Change into a writable directory and then download the compressed release by typing:

cd /tmp
curl -LO https://wordpress.org/latest.tar.gz

Extract the compressed file to create the WordPress directory structure:

tar xzvf latest.tar.gz

We will be moving these files into our document root momentarily. Before we do that, we can copy over the sample configuration file to the filename that WordPress actually reads:

cp /tmp/wordpress/wp-config-sample.php /tmp/wordpress/wp-config.php

Now, we can copy the entire contents of the directory into our document root. We are using the -a flag to make sure our permissions are maintained. We are using a dot at the end of our source directory to indicate that everything within the directory should be copied, including any hidden files:

sudo cp -a /tmp/wordpress/. /var/www/wordpress

Now that our files are in place, we’ll assign ownership them to the www-data user and group. This is the user and group that Nginx runs as, and Nginx will need to be able to read and write WordPress files in order to serve the website and perform automatic updates.

sudo chown -R www-data:www-data /var/www/wordpress

Our files are now in our server’s document root and have the correct ownership, but we still need to complete some more configuration.

Step 5 — Setting up the WordPress Configuration File

Next, we need to make some changes to the main WordPress configuration file.

When we open the file, our first order of business will be to adjust some secret keys to provide some security for our installation. WordPress provides a secure generator for these values so that you do not have to try to come up with good values on your own. These are only used internally, so it won’t hurt usability to have complex, secure values here.

To grab secure values from the WordPress secret key generator, type:

curl -s https://api.wordpress.org/secret-key/1.1/salt/

You will get back unique values that look something like this:

Output
define('AUTH_KEY',         '1jl/vqfs<XhdXoAPz9 DO NOT COPY THESE VALUES c_j{iwqD^<+c9.k<J@4H');
define('SECURE_AUTH_KEY',  'E2N-h2]Dcvp+aS/p7X DO NOT COPY THESE VALUES {Ka(f;rv?Pxf})CgLi-3');
define('LOGGED_IN_KEY',    'W(50,{W^,OPB%PB<JF DO NOT COPY THESE VALUES 2;y&,2m%3]R6DUth[;88');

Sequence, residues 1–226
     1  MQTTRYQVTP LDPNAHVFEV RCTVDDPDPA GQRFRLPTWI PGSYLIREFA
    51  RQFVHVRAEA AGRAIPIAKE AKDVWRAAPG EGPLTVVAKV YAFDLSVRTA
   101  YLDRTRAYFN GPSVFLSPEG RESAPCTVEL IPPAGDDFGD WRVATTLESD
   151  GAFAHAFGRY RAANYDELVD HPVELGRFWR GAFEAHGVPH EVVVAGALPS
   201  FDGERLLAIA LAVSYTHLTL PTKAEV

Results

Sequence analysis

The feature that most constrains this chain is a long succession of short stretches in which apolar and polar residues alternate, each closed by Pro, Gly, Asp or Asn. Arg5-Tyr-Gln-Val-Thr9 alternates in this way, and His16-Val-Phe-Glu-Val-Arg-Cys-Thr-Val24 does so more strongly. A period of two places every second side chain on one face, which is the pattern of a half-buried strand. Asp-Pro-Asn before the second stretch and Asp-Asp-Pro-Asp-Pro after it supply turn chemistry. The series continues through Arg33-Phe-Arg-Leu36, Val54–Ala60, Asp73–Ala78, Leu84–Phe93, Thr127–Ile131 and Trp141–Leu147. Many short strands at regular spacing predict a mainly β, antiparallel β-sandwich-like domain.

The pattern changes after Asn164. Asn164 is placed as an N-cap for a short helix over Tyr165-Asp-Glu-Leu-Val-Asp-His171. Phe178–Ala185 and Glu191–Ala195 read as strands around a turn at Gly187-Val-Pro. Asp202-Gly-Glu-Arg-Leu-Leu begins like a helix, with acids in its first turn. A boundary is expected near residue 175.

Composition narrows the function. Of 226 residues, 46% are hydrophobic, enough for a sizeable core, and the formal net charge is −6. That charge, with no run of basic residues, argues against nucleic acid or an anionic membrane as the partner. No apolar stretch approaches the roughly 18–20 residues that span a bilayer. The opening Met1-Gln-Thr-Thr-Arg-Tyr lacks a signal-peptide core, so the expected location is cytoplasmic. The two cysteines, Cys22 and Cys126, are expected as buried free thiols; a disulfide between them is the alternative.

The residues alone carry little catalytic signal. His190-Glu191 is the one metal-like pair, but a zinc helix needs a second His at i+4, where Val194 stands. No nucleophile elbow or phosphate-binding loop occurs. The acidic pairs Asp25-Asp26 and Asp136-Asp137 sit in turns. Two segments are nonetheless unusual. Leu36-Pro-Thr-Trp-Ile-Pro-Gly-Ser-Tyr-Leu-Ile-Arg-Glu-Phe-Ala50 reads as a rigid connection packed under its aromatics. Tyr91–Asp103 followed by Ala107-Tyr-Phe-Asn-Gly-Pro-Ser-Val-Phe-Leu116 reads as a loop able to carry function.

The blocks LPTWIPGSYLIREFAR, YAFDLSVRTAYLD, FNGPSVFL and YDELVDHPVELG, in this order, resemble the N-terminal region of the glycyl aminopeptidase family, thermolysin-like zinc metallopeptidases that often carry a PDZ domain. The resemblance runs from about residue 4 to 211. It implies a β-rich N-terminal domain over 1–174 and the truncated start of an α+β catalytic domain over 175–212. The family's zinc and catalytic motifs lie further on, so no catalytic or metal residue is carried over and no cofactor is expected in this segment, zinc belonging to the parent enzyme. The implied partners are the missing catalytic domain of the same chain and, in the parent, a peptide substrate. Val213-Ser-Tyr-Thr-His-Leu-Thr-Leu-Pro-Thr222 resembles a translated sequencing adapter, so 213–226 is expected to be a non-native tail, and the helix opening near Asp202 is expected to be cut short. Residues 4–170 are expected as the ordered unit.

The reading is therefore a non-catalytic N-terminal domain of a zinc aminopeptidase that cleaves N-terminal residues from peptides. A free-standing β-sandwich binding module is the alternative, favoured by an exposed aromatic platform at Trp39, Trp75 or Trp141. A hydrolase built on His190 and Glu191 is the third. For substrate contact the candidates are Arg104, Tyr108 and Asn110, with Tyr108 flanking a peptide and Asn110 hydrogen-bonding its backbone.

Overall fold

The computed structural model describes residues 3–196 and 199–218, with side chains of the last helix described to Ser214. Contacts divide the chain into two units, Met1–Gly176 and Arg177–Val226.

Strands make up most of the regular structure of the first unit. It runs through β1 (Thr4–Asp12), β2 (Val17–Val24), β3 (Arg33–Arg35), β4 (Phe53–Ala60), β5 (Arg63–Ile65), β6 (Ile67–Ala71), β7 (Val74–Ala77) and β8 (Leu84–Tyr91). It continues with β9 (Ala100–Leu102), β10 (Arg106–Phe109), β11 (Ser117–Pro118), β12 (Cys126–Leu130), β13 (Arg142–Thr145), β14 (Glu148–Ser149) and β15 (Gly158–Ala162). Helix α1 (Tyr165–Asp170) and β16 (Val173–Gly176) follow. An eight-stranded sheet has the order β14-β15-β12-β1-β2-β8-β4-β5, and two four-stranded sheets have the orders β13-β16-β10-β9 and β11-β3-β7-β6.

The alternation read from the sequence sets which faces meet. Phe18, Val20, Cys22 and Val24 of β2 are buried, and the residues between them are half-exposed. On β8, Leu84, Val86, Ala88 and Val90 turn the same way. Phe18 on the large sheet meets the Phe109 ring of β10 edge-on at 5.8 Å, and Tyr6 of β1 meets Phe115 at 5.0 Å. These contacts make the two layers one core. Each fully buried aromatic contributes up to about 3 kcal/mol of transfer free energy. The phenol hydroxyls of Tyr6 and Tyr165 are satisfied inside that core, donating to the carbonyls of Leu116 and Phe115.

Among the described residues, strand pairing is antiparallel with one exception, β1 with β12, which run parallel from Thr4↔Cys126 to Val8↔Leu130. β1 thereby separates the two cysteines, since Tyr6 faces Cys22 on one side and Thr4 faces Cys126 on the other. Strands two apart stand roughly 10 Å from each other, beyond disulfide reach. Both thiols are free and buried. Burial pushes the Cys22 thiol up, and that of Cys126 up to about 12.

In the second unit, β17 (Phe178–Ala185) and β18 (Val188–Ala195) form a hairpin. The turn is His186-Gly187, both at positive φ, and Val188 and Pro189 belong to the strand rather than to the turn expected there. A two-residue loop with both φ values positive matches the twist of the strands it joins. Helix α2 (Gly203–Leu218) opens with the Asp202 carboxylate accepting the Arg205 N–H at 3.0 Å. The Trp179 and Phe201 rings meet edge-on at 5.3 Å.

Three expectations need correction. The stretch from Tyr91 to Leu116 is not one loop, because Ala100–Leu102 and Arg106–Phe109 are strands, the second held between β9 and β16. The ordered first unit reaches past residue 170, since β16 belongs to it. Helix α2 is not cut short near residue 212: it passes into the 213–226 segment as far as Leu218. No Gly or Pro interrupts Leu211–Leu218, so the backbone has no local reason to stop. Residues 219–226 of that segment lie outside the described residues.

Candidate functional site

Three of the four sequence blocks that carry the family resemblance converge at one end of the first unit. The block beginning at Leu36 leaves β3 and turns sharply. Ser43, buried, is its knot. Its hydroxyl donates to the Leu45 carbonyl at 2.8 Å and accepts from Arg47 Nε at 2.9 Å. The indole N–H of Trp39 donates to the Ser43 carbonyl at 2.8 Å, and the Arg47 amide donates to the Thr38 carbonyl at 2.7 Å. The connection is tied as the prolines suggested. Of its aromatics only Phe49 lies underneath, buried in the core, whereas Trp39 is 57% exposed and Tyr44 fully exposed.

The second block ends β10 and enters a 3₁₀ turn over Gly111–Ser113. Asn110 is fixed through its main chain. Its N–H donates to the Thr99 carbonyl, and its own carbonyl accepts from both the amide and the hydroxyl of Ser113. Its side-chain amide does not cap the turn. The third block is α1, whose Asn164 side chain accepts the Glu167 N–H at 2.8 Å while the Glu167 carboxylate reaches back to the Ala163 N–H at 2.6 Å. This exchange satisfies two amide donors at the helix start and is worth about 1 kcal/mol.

define('NONCE_KEY',        'll,4UC)7ua+8<!4VM+ DO NOT COPY THESE VALUES #`DXF+[$atzM7 o^-C7g');
define('AUTH_SALT',        'koMrurzOA+|L_lG}kf DO NOT COPY THESE VALUES  07VC*Lj*lD&?3w!BT#-');
define('SECURE_AUTH_SALT', 'p32*p,]z%LZ+pAu:VY DO NOT COPY THESE VALUES C-?y+K0DK_+F|0h{!_xY');
define('LOGGED_IN_SALT',   'i^/G2W7!-1H2OQ+t$3 DO NOT COPY THESE VALUES t6**bRVFSD[Hi])-qS`|');
define('NONCE_SALT',       'Q6]U:K?j4L%Z]}h^q7 DO NOT COPY THESE VALUES 1% ^qUswWgn+6&xqHN&%');

These are configuration lines that we can paste directly in our configuration file to set secure keys. Copy the output you received now.

Now, open the WordPress configuration file:

sudo nano /var/www/wordpress/wp-config.php

Find the section that contains the dummy values for those settings. It will look something like this:

. . .

define('AUTH_KEY',         'put your unique phrase here');
define('SECURE_AUTH_KEY',  'put your unique phrase here');
define('LOGGED_IN_KEY',    'put your unique phrase here');
define('NONCE_KEY',        'put your unique phrase here');
define('AUTH_SALT',        'put your unique phrase here');
define('SECURE_AUTH_SALT', 'put your unique phrase here');
define('LOGGED_IN_SALT',   'put your unique phrase here');
define('NONCE_SALT',       'put your unique phrase here');

Next, we need to modify some of the database connection settings at the beginning of the file. You need to adjust the database name, the database user, and the associated password that we configured within MySQL.

The other change we need to make is to set the method that WordPress should use to write to the filesystem. Since we’ve given the web server permission to write where it needs to, we can explicitly set the filesystem method to “direct”. Failure to set this with our current settings would result in WordPress prompting for FTP credentials when we perform some actions. This setting can be added below the database connection settings, or anywhere else in the file:

. . .

define('DB_NAME', 'wordpress');

/** MySQL database username */
define('DB_USER', 'wordpressuser');

/** MySQL database password */
define('DB_PASSWORD', 'password');
. . 

define('FS_METHOD', 'direct');

Save and close the file when you are finished.

Step 6 — Completing the Installation Through the Web Interface

Now that the server configuration is complete, we can finish up the installation through the web interface.

In your web browser, navigate to your server’s domain name or public IP address:

http://server_domain_or_IP

Next, you will come to the main setup page.

Select a name for your WordPress site and choose a username (it is recommended not to choose something like “admin” for security purposes). A strong password is generated automatically. Save this password or select an alternative strong password.

Enter your email address and select whether you want to discourage search engines from indexing your site: